As FS' operating subsidiary, Trenitalia is responsible for these regional services. CEO Mr Vincenzo Soprano says the problems with low fares are compounded by the quality of rolling stock on offer, with people understandably reluctant to pay more to use the same old trains.

However, with the regions unable to finance an entire new fleet themselves, it is left to FS to foot the bill, with Soprano referring to the current tendering situation in Emilia Romagna where the state is attempting to encourage Arriva to issue a rival bid.

"In Emilia Romagna they want a new fleet of trains which requires €600m of new investment and we have to pay this €600m two to three years before we start the service, which is a problem for us," Soprano says.

Mrs Barbara Morgante, FS' director of central strategy, who is overseeing the privatisation process, says that once it becomes a private company, and with the individual regions overseeing competitive tenders for regional services, FS would have the option not to bid for these services, leaving other private operators to offer an alternative.

Morgante feels this could finally force the change in culture and attitudes desperately required in Italy. However, she admits that given experiences with competitive tenders so far where no other bidders have come forward, it remains difficult to attract private parties to bid for these services.

"In circumstances where there are no bidders for these contracts we would be obliged to offer a service," Morgante says.

Forthcoming infrastructure investments may serve to improve the attractiveness of these services, particularly in southern Italy. Construction is set to begin by the end of this year on a new line between Naples and Bari, with work expected to take up to 2022, three years ahead of the initial schedule. A journey time of two hours will be on offer on the new line, a significant improvement over the current 3h 50min journey via Caserta with no through-trains available.

Elia was appointed special commissioner through a decree issued by the Italian government for the Bari - Naples project and for the new Palermo - Catania - Messina line in Sicily, which allows him to finalise decisions on work in order to speed up the construction process. Work on the Sicily project is set to start in October, with the line set to offer a journey time of 1h 45min from Palmero to Catania, and 45 minutes from Catania to Messina.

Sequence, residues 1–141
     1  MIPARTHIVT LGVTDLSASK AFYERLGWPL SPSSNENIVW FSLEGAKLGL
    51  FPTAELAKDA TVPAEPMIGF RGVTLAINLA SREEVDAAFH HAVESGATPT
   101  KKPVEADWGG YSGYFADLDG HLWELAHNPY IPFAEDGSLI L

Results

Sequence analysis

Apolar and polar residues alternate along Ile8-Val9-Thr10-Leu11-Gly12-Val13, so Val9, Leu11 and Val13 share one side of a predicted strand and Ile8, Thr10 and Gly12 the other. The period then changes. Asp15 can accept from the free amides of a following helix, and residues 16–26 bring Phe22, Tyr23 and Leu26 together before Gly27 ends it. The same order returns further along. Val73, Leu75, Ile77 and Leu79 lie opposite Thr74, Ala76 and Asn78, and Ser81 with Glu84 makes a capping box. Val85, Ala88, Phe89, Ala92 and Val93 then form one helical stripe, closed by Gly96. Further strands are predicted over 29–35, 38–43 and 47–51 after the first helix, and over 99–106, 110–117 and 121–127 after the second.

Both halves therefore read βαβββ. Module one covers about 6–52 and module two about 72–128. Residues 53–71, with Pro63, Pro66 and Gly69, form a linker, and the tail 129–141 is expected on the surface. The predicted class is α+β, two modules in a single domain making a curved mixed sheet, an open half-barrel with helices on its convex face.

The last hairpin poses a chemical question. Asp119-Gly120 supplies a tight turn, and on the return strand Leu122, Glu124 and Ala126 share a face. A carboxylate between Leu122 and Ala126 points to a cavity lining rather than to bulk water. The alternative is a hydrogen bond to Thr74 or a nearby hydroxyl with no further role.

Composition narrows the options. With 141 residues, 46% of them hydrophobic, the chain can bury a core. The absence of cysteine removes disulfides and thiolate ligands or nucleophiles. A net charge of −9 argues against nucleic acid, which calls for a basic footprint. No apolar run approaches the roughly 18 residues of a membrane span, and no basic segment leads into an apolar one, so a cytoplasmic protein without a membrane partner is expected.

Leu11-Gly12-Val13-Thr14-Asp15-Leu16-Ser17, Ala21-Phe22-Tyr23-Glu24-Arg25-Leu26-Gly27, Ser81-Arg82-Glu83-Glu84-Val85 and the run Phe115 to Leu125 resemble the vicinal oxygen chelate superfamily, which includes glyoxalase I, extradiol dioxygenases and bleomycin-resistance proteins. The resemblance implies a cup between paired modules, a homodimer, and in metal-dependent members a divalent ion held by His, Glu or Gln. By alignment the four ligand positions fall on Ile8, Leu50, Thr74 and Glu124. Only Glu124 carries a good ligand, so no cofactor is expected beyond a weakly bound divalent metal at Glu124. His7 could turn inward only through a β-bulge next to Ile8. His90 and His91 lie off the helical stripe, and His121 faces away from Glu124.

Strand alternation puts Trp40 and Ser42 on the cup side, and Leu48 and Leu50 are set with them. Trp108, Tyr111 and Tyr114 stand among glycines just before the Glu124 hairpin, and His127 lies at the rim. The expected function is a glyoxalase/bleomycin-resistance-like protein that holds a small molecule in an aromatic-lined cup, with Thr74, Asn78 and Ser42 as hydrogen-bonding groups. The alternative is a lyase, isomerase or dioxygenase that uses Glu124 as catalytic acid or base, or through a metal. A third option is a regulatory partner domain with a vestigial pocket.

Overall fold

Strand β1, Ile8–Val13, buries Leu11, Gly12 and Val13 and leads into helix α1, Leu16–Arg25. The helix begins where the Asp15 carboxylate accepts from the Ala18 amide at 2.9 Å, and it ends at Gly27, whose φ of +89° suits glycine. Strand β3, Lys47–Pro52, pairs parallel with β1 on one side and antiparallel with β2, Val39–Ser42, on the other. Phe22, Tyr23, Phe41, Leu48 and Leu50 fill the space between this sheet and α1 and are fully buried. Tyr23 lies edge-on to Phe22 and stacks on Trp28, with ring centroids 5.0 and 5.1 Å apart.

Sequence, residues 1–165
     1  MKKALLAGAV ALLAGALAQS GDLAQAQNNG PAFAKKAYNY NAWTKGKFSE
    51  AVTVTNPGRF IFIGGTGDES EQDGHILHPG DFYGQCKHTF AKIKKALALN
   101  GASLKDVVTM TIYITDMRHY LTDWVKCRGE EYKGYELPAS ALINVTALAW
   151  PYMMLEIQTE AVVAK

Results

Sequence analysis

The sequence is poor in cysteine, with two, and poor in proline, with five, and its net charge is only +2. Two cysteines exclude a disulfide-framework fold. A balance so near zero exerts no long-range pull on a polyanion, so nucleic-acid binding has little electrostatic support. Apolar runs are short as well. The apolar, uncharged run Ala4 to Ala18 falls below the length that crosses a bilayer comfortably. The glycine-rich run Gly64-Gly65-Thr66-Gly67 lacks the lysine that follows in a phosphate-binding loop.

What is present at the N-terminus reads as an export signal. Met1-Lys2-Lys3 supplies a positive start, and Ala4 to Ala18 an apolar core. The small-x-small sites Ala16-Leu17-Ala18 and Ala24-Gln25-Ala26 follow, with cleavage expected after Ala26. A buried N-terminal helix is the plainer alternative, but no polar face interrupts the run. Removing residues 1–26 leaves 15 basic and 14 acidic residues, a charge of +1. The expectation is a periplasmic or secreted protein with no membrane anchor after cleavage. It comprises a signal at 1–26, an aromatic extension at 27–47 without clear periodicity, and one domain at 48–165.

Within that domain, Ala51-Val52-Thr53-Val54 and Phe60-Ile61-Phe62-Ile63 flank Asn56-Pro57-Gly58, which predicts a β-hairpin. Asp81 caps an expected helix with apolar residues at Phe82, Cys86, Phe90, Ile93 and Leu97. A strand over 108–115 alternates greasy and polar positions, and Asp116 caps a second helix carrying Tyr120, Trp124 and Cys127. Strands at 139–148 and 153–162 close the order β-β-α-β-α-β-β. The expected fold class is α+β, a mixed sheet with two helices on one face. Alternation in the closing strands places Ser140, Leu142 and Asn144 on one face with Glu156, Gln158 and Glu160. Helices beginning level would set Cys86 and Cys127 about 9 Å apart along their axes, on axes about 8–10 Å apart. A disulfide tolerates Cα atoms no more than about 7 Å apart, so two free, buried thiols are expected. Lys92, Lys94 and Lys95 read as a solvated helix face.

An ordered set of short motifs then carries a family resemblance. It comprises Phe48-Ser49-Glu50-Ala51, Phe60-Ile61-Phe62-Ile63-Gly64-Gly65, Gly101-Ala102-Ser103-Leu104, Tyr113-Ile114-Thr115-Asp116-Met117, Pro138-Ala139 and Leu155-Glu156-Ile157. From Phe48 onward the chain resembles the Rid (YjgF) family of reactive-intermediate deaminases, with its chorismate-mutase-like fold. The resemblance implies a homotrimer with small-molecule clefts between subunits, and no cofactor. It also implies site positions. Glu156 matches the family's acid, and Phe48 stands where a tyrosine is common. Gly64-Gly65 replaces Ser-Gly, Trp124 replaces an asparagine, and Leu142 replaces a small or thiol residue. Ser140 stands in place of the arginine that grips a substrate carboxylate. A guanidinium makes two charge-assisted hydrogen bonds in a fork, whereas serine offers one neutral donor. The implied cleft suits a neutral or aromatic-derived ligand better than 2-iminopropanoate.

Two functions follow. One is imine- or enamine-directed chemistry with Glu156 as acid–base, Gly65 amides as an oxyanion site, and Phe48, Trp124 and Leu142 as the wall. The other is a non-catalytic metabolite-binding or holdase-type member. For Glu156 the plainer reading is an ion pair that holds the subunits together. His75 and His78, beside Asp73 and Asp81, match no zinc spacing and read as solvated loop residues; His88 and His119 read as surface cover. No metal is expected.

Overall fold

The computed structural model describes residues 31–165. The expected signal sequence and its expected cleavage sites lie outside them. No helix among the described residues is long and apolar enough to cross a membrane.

Bond issue

Part of the financing for the Naples - Bari line will come from a European Medium Term Note (EMTN) issued on the Dublin stock exchange in February. The bond was placed with institutional investors and will raise up to e1.5bn, with these funds also supporting construction of the remaining sections of the Milan - Venice high-speed line as well as the procurement of new rolling stock, including Jazz regional EMUs from Alstom and the Bomardier/ AnsaldoBreda ETR 1000 Frecciarossa high-speed trains.

"Our investments will be devoted almost exclusively to the development of infrastructure on the rail corridors defined by the European Union (EU) and in metropolitan areas, as well as the purchase of new trains and development of technologies that will support railway transport," Elia says adding that "a new governance for freight and logistics services" will be established but not revealing any further details of how this might look. "This will focus more and more on the most important European routes," he says.

For high-speed, work is progressing on projects to complete the network, particularly the Milan - Venice corridor.
Contracts for construction of the Brescia - Verona section were awarded in January with Cepav, a consortium of Saipem (52%), Società Italiana Condotte d'Acqua (12%), G Maltauro (12%), and Pizzarotti (24%), securing a €786m contact. Civil works on this €3.95bn project are expected to begin in the first half of this year.